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McKinley v. McCollum

United States District Court, W.D. Oklahoma

April 18, 2017

TIMOTHY NEAL MCKINLEY, Petitioner,
v.
TRACY McCOLLUM, Warden, NORTH FORK CORRECTIONAL FACILITY, Respondent.

          ORDER

          DAVID L. RUSSELL, UNITED STATES DISTRICT JUDGE

         Petitioner, a state prisoner appearing pro se, filed this action pursuant to 28 U.S.C. § 2254, seeking a writ of habeas corpus. Pursuant to 28 U.S.C. § 636(b)(1)(B) and (C), the matter was referred to United States Magistrate Judge Gary M. Purcell for preliminary review. On March 7, 2017, Judge Purcell issued a Report and Recommendation wherein he recommended the Court deny the Petition. The matter is currently before the Court on Petitioner's timely objection to the Report and Recommendation, which gives rise to the Court's obligation to conduct a de novo review of those portions of the Report and Recommendation to which Petitioner makes specific objection. Having conducted this de novo review, the Court finds as follows.

         Petitioner was convicted in the District Court of Cleveland County on ten counts of an eleven-count indictment, consisting of seven counts of Lewd Acts with a Child Under 16 in violation of Okla. Stat. tit. 21 § 1123 (Counts 1, 3, 4, 5, 6, 7 and 9), one count of Rape, in First Degree by Instrumentation, Victim Under Age 14, in violation of Okla. Stat. tit. 21 § 1114(A)(7)(Count 2), two counts of Forcible Oral Sodomy in violation of Okla. Stat. tit. 21 § 888 (Counts 8 and 11). He was sentenced to terms of either twenty years (Counts 1, 3, 4, 6, and 7) or life imprisonment (Counts 2, 5, 8, 9 and 11). The court ordered the twenty-year sentences on Counts 1, 3, 4, and 6 to run concurrently to one another and consecutively to the life sentence imposed on Count 2. The life sentence on Count 2 was ordered to run concurrently with the life sentence on Count 8. The sentences in Counts 7, 8, 9, and 11 were to run consecutively to one another as well as to the life sentence on Count 2. Following his conviction Petitioner sought relief from the Oklahoma Court of Criminal Appeals via direct appeal; that court affirmed his conviction on August 8, 2013. Both the District Court of Cleveland County and the Oklahoma Court of Criminal Appeals denied Petitioner's requests for post-conviction relief. Petitioner currently seeks relief on the same grounds raised in the state court, as well as a single additional ground. As noted, Judge Purcell concluded Petitioner's claims lack merit, and this Court concurs.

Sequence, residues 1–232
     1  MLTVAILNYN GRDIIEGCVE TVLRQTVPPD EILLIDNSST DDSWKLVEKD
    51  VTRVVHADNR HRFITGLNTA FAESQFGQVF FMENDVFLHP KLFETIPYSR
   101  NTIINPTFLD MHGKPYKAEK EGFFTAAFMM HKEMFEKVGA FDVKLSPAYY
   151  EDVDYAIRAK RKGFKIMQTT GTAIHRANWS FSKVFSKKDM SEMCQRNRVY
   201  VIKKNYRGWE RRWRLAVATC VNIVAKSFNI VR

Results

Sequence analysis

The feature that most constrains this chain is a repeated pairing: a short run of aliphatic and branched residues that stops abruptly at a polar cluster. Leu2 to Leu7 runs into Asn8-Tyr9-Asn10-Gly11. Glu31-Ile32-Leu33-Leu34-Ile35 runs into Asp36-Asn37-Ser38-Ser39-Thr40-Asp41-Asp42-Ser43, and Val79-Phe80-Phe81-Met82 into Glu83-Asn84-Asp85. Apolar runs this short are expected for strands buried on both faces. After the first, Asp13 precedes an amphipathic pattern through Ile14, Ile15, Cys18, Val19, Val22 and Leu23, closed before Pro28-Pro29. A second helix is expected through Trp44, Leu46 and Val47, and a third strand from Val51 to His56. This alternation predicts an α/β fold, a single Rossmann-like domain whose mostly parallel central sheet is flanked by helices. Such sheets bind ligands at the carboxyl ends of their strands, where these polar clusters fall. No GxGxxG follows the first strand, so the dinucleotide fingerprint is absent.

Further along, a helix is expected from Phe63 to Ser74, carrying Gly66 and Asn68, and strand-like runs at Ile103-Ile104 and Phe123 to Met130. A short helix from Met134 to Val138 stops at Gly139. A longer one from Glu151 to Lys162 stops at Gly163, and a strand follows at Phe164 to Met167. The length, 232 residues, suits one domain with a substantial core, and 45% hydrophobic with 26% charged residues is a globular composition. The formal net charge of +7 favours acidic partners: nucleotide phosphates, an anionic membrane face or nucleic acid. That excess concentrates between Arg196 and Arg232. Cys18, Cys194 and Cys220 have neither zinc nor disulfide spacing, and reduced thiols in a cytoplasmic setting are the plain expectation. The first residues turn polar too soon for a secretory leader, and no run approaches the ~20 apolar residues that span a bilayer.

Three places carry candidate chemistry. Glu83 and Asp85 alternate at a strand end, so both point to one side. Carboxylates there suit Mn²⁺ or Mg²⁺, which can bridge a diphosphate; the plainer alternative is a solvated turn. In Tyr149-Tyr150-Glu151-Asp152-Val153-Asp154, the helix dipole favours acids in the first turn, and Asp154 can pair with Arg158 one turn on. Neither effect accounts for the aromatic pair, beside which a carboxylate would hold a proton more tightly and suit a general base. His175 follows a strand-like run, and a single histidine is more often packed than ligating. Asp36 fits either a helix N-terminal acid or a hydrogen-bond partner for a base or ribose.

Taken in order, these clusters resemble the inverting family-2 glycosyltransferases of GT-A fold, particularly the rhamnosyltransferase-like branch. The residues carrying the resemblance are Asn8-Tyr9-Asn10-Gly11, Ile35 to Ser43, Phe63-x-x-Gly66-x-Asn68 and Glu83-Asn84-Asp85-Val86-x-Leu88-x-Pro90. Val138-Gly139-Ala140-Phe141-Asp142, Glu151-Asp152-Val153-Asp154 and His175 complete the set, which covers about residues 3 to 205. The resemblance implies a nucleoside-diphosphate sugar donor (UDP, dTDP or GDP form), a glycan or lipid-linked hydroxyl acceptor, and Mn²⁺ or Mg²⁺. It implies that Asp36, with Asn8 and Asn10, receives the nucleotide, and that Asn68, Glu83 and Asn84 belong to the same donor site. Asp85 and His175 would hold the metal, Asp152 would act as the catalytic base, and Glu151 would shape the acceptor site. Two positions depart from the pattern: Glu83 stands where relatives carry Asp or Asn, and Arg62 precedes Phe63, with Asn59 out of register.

In Ground One, Petitioner contends the trial testimony of C.S., the victim, was not credible, characterizing the testimony as contradictory of her prior forensic interviews and her preliminary hearing testimony. Petitioner raised this claim on direct appeal, asserting that C.S.'s testimony required corroboration under extant Oklahoma authority. As noted in the Report and Recommendation, the Oklahoma Court of Criminal Appeals addressed this claim on direct appeal and concluded that the admission of the testimony was not contrary to Oklahoma law, and further that there was sufficient evidence to support Petitioner's convictions, such that his due process rights were not violated.

         The majority of Petitioner's argument is devoted to his contention that because C.S.'s testimony was incredible, that it required corroboration. As noted by Judge Purcell, however, corroboration is an issue of state law, and thus does not support federal habeas relief. “No direct Supreme Court precedent requires corroboration of child witness testimony.” Parker v. Scott, 394 F.3d 1302, 1314 (10th Cir.2005). Parker was convicted of child sexual abuse and argued the child victim's testimony was “so inconsistent that, absent corroboration, it denied him due process.” Id. at 1314. The Tenth Circuit reviewed Parker's habeas claim under the sufficiency of the evidence standard set forth in Jackson v. Virginia, 443 U.S. 307, 99 S.Ct. 2781, 61 L.Ed.2d 560 (1979).